• setStats — Computes summary statistics for the selection and returns them.

  • plotPeriod — Plots the type of graph currently requested in the appropriate axes.

The refreshDisplays function identifies the current plot type and specifies the axes to plot graphs into. After calling plotPeriod and setStats, it updates the Data Statistics table with the recomputed statistics. Here is the code for refreshDisplays:

function refreshDisplays(table, handles, item)
if isequal(item,1)
    ax = handles.axes1;
elseif isequal(item,2)
    ax = handles.axes2;
end
peak = plotPeriod(ax, table,...
              get(handles.plot_type,'Value'));
stats = get(handles.data_stats, 'Data');
stats = setStats(table, stats, item, peak);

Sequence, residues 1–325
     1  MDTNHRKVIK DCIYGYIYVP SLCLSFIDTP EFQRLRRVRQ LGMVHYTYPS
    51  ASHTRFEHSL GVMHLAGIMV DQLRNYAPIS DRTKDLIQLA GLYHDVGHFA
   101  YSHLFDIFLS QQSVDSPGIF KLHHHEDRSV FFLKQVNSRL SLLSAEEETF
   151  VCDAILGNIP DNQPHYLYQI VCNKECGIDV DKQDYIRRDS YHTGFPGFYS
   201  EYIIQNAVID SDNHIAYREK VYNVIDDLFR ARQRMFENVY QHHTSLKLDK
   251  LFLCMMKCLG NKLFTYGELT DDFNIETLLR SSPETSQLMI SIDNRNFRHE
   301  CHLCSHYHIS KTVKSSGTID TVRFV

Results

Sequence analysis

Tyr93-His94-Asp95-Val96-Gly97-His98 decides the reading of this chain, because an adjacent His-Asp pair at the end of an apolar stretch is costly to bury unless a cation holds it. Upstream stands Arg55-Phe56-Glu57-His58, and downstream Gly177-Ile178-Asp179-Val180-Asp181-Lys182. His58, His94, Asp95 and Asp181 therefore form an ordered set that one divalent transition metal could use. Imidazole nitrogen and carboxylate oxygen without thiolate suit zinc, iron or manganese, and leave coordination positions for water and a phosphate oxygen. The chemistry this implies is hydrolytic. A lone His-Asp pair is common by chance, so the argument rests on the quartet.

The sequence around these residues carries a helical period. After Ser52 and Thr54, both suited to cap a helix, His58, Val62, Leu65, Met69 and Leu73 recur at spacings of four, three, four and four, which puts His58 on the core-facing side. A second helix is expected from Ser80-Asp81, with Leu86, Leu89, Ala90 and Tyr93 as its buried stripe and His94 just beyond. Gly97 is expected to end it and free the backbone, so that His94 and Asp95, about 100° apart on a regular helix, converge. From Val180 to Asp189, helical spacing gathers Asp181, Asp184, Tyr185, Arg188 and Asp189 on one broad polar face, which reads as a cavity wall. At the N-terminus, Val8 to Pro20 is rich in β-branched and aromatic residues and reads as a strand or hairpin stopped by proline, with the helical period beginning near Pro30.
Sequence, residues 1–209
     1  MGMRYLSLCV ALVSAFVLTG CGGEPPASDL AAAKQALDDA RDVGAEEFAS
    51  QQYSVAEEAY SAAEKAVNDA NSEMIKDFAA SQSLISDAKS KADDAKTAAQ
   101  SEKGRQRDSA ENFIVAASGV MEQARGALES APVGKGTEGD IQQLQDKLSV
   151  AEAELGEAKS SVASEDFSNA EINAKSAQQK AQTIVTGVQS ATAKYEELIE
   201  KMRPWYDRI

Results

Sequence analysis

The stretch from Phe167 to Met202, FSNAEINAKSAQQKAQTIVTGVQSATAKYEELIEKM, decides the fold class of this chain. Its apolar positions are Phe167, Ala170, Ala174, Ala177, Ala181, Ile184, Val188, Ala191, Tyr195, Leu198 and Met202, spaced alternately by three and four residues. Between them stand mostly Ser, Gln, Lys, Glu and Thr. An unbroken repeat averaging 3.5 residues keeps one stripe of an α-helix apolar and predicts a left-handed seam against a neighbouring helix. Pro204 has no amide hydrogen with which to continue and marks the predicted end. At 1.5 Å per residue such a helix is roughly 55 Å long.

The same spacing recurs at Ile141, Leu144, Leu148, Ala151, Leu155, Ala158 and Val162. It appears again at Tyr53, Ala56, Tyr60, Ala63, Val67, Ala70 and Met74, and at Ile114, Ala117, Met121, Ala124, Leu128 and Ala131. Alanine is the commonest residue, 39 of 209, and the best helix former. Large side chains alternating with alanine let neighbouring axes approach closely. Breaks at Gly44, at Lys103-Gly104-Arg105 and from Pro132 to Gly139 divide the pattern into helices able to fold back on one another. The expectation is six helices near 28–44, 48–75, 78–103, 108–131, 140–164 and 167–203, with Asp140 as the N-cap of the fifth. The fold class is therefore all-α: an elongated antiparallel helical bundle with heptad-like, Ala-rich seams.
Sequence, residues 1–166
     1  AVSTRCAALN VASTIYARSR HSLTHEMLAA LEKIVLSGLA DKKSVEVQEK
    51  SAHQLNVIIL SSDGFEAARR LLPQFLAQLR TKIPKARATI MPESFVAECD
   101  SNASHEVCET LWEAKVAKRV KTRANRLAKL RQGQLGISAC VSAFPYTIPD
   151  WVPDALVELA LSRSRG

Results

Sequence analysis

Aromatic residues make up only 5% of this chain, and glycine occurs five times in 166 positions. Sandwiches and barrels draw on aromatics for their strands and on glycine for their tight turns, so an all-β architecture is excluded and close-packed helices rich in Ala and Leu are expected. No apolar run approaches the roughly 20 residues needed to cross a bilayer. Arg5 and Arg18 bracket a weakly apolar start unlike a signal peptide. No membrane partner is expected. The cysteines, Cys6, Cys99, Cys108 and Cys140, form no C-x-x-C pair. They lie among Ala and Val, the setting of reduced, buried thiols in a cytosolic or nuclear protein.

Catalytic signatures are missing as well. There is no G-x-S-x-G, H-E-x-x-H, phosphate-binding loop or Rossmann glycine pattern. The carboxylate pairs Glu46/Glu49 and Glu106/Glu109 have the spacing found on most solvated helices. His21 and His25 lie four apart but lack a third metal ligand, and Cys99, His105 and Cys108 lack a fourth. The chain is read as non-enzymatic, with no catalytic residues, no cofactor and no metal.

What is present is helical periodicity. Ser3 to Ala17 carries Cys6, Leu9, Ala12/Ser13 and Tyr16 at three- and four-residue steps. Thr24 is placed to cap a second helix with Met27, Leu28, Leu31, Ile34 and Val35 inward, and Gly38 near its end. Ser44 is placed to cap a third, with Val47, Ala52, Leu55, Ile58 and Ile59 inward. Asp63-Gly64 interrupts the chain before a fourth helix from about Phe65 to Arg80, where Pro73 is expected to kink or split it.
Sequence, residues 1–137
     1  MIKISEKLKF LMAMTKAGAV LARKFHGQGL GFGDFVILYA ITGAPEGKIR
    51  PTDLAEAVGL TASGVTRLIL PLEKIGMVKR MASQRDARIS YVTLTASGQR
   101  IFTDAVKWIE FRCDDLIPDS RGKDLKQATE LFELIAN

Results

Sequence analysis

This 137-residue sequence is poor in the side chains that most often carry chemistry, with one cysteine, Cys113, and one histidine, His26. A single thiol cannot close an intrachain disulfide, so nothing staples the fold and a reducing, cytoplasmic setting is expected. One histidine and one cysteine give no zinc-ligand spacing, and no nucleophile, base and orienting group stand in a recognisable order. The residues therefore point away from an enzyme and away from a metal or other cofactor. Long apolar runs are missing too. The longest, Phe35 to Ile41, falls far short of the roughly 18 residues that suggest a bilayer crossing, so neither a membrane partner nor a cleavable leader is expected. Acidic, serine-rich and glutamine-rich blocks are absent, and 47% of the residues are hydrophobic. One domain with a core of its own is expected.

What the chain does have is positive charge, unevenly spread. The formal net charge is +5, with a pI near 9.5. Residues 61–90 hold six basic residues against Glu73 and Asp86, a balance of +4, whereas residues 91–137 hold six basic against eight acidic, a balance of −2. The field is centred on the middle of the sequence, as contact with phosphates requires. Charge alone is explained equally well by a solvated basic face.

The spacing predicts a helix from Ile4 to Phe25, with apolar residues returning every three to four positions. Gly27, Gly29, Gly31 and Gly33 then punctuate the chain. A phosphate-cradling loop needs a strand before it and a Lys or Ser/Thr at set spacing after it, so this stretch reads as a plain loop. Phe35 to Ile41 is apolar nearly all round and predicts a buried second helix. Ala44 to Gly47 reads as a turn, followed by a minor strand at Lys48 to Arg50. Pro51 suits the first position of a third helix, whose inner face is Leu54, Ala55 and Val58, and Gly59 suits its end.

set(handles.data_stats, 'Data', stats);
set(ax,'FontSize',7.0);

If you are reading this document in the MATLAB Help Browser, click the names of the functions underlined above to see their complete code (including comments) in the MATLAB Editor.

Display Graphs in New Figure Windows

The tablestat GUI contains code to display either of its graphs in a larger size in a new figure window when you right-click either axes and selects the pop-up menu item, Open plot in new window. The static text string (tagged newfig) above the plot panel, Right-click plots for larger view, informs you that this feature is available.

The axes respond by:

  1. Creating a new figure window.

  2. Copying their contents to a new axes parented to the new figure.

  3. Resizing the new axes to use 90% of the figure's width.

  4. Constructing a title string and displaying it in the new figure.